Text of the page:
Charlie Neibergall, Associated Press
DES MOINES, Iowa — Republican presidential hopeful Mitt Romney, clearly irritated by a handful of hecklers amid supporters at the Iowa State Fair, insisted Thursday that "corporations are people," a comment Democrats gleefully predicted would be a defining moment of his campaign.
Hours before he was to face most of his primary opponents in an Iowa debate, the former Massachusetts governor was outlining options for reining in the federal deficit and overhauling entitlement programs. He acknowledged that raising taxes on individuals was an option, but he said he opposed it.
That's when about a dozen hecklers started shouting at him.
"Corporations! Corporations!" they said, seemingly suggesting that corporations should take the brunt of new taxes.
"Corporations are people, my friend," Romney said with uncharacteristic pique.
Several people in the front of the crowd — they identified themselves as linked to the liberal Iowa Center for Community Involvement — interrupted: "No, they're not."
Romney, who had already faced tough questions from the group's members who arrived early and claimed the best seats, plowed right ahead.
"Of course they are. Everything corporations earn ultimately goes to people. Where do you think it goes?" said Romney, a wealthy businessman who has struggled with an aloof and elitist image as he tries for the GOP presidential nomination a second time.
His critics were not buying it and shouted back that the money goes in corporate pockets.
"Whose pockets? People's pockets? Human beings, my friend," Romney said.
Typically unflappable, Romney grew agitated as he kept calling on members of the group. After one question, he asked the questioner which group he was from and not where he lived, acknowledging the questions were planted to embarrass him.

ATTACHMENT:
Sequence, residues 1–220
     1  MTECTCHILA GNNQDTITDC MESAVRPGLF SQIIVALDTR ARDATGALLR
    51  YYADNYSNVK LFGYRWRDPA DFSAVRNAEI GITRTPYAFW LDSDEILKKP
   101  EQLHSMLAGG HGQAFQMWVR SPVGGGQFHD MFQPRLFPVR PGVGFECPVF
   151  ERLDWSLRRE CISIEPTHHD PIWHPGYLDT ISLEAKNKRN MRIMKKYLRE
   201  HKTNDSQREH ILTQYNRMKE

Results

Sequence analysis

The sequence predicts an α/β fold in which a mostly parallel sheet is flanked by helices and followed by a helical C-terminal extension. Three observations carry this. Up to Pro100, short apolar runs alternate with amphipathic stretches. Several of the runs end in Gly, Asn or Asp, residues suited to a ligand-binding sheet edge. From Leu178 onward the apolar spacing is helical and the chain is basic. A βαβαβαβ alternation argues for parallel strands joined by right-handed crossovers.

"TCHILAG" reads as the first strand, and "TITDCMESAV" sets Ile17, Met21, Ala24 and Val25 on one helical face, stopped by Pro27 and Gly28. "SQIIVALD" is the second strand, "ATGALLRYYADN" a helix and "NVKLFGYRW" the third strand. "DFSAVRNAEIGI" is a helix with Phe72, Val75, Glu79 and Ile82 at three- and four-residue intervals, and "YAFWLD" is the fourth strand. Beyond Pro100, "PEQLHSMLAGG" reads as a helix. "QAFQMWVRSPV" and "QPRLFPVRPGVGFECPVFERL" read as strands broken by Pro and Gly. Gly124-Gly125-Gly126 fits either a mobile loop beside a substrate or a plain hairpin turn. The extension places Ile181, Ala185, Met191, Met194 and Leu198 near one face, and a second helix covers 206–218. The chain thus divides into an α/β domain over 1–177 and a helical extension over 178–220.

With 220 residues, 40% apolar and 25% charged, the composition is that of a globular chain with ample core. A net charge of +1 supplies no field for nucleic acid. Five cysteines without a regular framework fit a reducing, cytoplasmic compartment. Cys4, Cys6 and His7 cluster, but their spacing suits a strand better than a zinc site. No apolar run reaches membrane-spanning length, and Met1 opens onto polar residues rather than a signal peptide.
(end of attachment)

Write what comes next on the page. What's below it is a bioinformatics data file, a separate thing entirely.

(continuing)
Democrats didn't hesitate to seize the moment.
"It is a shocking admission from a candidate — and a party — that shamelessly puts forward policies to help large corporations and the wealthiest Americans at the expense of the middle class, seniors and students," said Democratic National Committee Chairman Debbie Wasserman Schultz, a Florida congresswoman.
Romney's terse back and forth was just the latest example of why his advisers are limiting his public events. When he ran four years ago, he packed his days with events and weighed in on every topic. Now the front-runner, he instead prefers more controlled environments where he is less prone to gaffes or moments that could spin out his handlers' control.
Romney faced other questions along the same lines during an appearance before the evening debate in Ames. One person asked about closing "corporate tax loopholes on big banks to raise revenue and balance the state budget."
Romney's reply: "There are a lot of people who use the word 'loophole' to say, 'Let's just raise taxes on people.' And that I will not do. I will not raise taxes."
His hecklers did not relent: "Pay your fair share."
Romney's comments hearken back to other candidates' truthful — though politically embarrassing — moments on the campaign trail. During 2008, for instance, Sen. John McCain declared "the fundamentals of our economy are strong" as the economy melted down.
Earlier, Sen. Hillary Rodham Clinton drew fire during her Democratic primary for defending lobbyists.
"A lot of those lobbyists, whether you like it or not, represent real Americans," she said. "They represent nurses, they represent social workers, yes, they represent corporations that employ a lot of people."
It did little to endear her to her party's base.
- Colorado Mormons join other faiths in...
- Video: Miss Utah USA flubs answer at Miss USA...
- NPR writer 'slightly' defends Miss Utah USA's...
- Pew study: News media inserted bias into gay...
- Parents rally after Canadian elementary...
- IRS official: Washington scrutinized very...
- Issues plaguing black families in the...
- Google building database to help clear child...
- Pew study: News media inserted bias... 48
- Video: Miss Utah USA flubs answer at... 26
- Parents rally after Canadian elementary... 20
- Officials: NSA programs broke terrorist... 15
- IRS official: Washington scrutinized... 15
- Unpaid internships in jeopardy after... 14
- New York English teacher assigns... 13
- Obama steps up military aid to Syrian... 12